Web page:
With much help from the team in the Friends shop, and the shop suppliers, we were quickly able to start sourcing things from peanuts to cold drinks, fresh fruit, sweet and savoury snacks , hand and face creams , lip balms and many other items that were greatly appreciated by the staff. A distribution hub was set up within the hospital which opened at certain times during the week where members of each team were able to come and collect (at a safe distance) bags of goodies to be shared amongst their teams. This was for all staff that were working so hard at this time, not just the doctors and nurses.

In addition to that, as wards became separated into Covid and non-Covid areas, new staff rest rooms were created and from money donated to the appeal we were able to provide fridges, microwaves, kettles, toasters and coffee machines. For the doctors’ mess we provided some camp beds, reclining chairs and throws to enable them to get some well earned rest.

We were pleased to supply birthday cards and boxes of chocolates for any staff that had birthdays during this time. As time went by the needs of the staff started to change and we were able to respond to any new requests that come in.
In the long term, when the emergency is happily resolved, we have assured everyone that any remaining funds will be returned to the restricted fund that we have always maintained specifically for the benefit of Eastbourne DGH staff.  Any money raised will therefore be for the benefit of our staff whether in the course of the pandemic or not.

Friends of the Hospital of St Cross

A poignant project chronicling lockdown life in a Warwickshire town is continuing to raise vital funds for dedicated hospital supporters:

Rugby: My Town In Lockdown features moving photographs and emotional testimonies of the town's residents living under the harsh COVID-19 restrictions earlier this year. Devised and compiled by local freelance professional photographer Jamie Gray, the book has already raised hundreds of pounds for the Friends of the Hospital of St Cross.

Mr Gray, a lifelong resident in the town who thought of the project while walking through the deserted Rugby streets as the pandemic initially took hold, said the book had been a true labour of love.

"Early on in lockdown I struggled to find anything worthwhile to do," Mr Gray said.  "I couldn't work from home and had little work coming in. Like a lot of people, my life had been turned upside down.  It struck me that although this was a terrible time for Rugby and its wonderful residents, the story of how we coped during this surreal period needed to be captured and told. It's a story of Rugby, its residents and businesses and how they have been challenged by the nationwide lockdown, but also how they overcame that challenge".

The 32-page book, which costs £10, includes several thoughts from Rugby residents living with lockdown, as well as other thought-provoking images of the town. Rugby Borough Council supported the project, helping Mr Gray meet people in the town and providing access to shielding hubs and the Rugby Foodbank.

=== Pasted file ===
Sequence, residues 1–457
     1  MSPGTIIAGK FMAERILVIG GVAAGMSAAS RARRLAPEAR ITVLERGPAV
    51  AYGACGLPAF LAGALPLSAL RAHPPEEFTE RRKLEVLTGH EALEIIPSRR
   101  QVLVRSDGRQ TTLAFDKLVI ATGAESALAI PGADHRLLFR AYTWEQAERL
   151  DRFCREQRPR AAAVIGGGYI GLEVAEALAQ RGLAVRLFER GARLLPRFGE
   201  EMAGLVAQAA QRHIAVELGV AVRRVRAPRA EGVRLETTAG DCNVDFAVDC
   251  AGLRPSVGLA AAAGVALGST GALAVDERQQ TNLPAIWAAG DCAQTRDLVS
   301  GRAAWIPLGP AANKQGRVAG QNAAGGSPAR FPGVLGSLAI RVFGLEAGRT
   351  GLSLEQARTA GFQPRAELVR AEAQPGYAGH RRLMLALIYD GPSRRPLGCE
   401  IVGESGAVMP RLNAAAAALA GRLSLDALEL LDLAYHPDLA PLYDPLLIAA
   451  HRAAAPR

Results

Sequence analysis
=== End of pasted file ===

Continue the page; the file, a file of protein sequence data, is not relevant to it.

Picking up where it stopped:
A 20% slice of profits from each sale of the book was donated to the long-running Friends of St Cross charity, which raises money in order to donate equipment to the town's hospital and community service. A corporate photographer by trade, Mr Gray said his experiences working as a former photographer with the town's Rugby Advertiser newspaper for several years had further spurred his enthusiasm.

 "I've been photographing the Rugby community for several years, and although I now focus on photographing businesses around the country, I've never lost the desire to represent my local area," Mr Gray said. "The Friends of St Cross embody everything that's great about Rugby - wonderful people uniting for a wonderful reason. That's why I wanted to help them how I could. I thank everyone who supported me. Hopefully this is a lasting document of how we were separated during lockdown but how in many ways we were all united."

The book, which has so far raised £230, has been stocked by several local shops including the Revel Bakery, Inside 22, Rugby School Enterprises, The Merchant's Inn and Rugby Cycle Repairs. 

Copies are also still available at the town's Hunt's Bookshop and the Rugby Visitor Centre, as well as via their respective Facebook pages.

Willy Goldschmidt, Chairman of The Friends of St Cross, said the book, which is also available to order via www.jamiegrayphotography.co.uk is a wonderful gesture.

“This donation will be put towards the Friends Sapphire Anniversary Appeal which is celebrating 65 years since the formation of the charity and aims to raise £65,000. This year the charity has committed £200,000 towards the project which will bring Chemotherapy Services to the hospital.  We believe that if everyone in Rugby, who knows someone who has been affected by cancer, donates £1 we will beat our target! We look forward to hearing of more novel ways in which Rugbeians plan to raise money for the Appeal!”

Chester Childbirth Appeal

Pat Daniels has kindly sent in the following update:

We have been unable to gain access to our office and have no means of organising any fundraising such as concerts or combined events with other local charities. However we have been able to fund some much needed items for the mothers, babies and children. The midwives have appreciated this help from us.

In October 2019, Morrisons’ Head Office in Bradford sent us a cheque for £14,000 with the express purpose of funding some billrubinometers. We had already been able to provide one of these in 2019, and this generous gift enabled us to supply a further three. A Billrubinometer, carried by the district midwife enables her to check the baby’s level of jaundice. It enables the midwife to ascertain the degree of jaundice and to get a baby with dangerous levels into the hospital as soon as possible for life saving treatment.

We are in the process of providing some over-night bed chairs for fathers to stay with their partners, and some adjustable height cots which will be of enormous help to mothers who have had a Caesarian section.

Pat has been trying to stay in touch with all volunteers and workers for the charity via telephone calls. They have received some donations from the local community and have also signed up to Amazon Smile which means that whenever someone shops with Amazon Smile they donate 0.5% of the purchase to Chester Childbirth Appeal.

The Appeal has raised £75,000 and as well as the items mentioned above have also agreed to fund an Aromatherapy course for the labour wards and community midwives, a CTG monitor for the Antenatal Day Unit, 6 paramedic bags to standardise contents for community midwives and a foetal bedside resuscitator amongst other items .